Two elections have exposed the sectarian and ethnic fault lines of the Iraqi society that had been masked by the iron hand of the Baath Party and Saddam Hussein.
The Bush administration compounded its ignorance of the culture and history of Iraq with its staggeringly disastrous policy of not just toppling the Saddam Hussein regime, but also smashing the state machinery by letting all the ministries, except oil, be looted and burnt by the mobs and – worse still, instantly disbanding the military, police and intelligence apparatus.
The vacuum, created by the dissolution of the all-pervasive, Sunni-dominated Baath Party and the coercive organs of the state, was quickly filled by the hitherto extensive underground network of the Shiite religious establishment. The militias of the Shiite religious parties followed, including the leading one established in Tehran during the 1980-1988 Iran-Iraq War.
The subsequent elections enabled the Shiite parties to consolidate their positions by securing popular mandates. The same happened in the case of the two main Kurdish parties. Finding themselves marginalized, minority Sunnis – sulking over the loss of power in Iraq after more than 350 years – also opted for parties based on sectarian loyalties.
By now sectarian or ethnic identity has superseded the national identity. Unlike Kurds, ethnically different from Arabs who have traditionally been the inhabitants of the northeastern mountainous region, Sunni and Shiite Arabs have co-habited the Mesopotamian plains since the rise of Islam in the 7th century.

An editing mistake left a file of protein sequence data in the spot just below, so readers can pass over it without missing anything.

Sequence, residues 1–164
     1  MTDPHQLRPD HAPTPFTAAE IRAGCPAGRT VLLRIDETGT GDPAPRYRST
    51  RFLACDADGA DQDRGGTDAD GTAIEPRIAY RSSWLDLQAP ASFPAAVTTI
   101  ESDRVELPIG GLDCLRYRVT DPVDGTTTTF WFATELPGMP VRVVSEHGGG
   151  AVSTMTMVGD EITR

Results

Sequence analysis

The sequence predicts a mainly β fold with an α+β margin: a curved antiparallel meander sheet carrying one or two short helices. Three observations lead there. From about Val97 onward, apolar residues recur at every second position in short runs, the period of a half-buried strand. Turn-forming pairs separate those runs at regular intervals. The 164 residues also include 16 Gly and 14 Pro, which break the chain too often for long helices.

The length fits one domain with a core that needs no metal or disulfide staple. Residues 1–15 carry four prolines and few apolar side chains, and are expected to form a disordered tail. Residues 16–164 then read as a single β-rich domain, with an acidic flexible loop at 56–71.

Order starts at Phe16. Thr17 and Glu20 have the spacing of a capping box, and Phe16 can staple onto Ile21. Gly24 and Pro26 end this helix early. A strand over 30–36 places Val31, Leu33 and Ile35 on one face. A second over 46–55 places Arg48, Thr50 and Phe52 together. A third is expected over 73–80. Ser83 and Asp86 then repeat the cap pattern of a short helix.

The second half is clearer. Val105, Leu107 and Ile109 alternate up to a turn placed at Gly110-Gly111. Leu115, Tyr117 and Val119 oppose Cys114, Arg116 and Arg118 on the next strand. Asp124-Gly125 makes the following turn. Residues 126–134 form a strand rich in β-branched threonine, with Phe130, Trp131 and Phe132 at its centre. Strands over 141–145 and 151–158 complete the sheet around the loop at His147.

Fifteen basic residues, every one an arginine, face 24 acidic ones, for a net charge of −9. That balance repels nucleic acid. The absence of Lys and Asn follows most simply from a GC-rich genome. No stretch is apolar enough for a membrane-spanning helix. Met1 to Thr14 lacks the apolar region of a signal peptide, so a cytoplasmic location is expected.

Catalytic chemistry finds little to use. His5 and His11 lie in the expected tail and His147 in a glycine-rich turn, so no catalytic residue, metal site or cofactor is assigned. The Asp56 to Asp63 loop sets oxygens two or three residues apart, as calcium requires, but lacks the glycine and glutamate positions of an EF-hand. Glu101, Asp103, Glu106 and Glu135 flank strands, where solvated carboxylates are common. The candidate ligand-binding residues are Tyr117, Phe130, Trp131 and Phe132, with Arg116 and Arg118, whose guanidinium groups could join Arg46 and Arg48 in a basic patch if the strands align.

Greater Baghdad, accounting for a quarter of the national population, has been a mosaic of Sunni, Shiite and mixed neighborhoods. Now the mixed Sunni-Shiite districts are turning into single-sect neighborhoods.
The mosques that once attracted both Sunni and Shiite worshippers now no longer do so. There are already Shiite checkpoints and Sunni checkpoints, with many Iraqis equipping themselves with two sets of identity documents, with one of them carrying the name of Omar, detested by Shiites for historical reasons.
For their protection, Shiite Baghdadis turn to the uniformed police or army whose personnel are mostly Shiite. Conversely, their Sunni counterparts call on the local Sunni vigilantes for protection. For all practical purposes, a low-intensity civil war is underway in Iraq.
This state of affairs combined with the recent floating of partitioning Iraq by some American defense experts has provided powerful ammunition to authoritarian Arab regimes resistant to political reform. They warn that the American model of democracy will tear apart national identity and create divisive sectarian and ethnic identities, turning the region into mini-states along the post-Yugoslavia model.
This argument resonates with many Arab intellectuals. They realize that every major Arab country is susceptible to such a carve-up. In Syria, for instance, Sunnis are only two thirds of the population, the rest being Alawi, a sub-sect within Shiite Islam, as well as Druze and Christian. In Egypt, the most homogenous major Arab state, almost 10 percent of the population is Christian. In Saudi Arabia, 8 percent of the population is Shiite, with almost all based in the oil-rich Eastern province and victims of official discrimination.
Also helping the authoritarian and semi-authoritarian Arab regimes is the intense anti-Washington sentiment prevalent throughout the Muslim world due to the Bush administration’s invasion of Iraq for reasons that turned out to be false. The regimes have little difficulty in marginalizing the advocates of political liberalization by describing them as allies of the much-hated Bush White House, often branding them as anti-patriotic.
All in all, instead of initiating and aiding a democratic wave in the Arab world, Bush’s invasion of Iraq has inadvertently achieved the opposite result.
Dilip Hiro is the author of “Secrets and Lies: Operation ‘Iraqi Freedom’ and After” and “The Iranian Labyrinth: Journeys Through Theocratic Iran and Its Furies, both published by Nation Books.
Yale Center for the Study of Globalization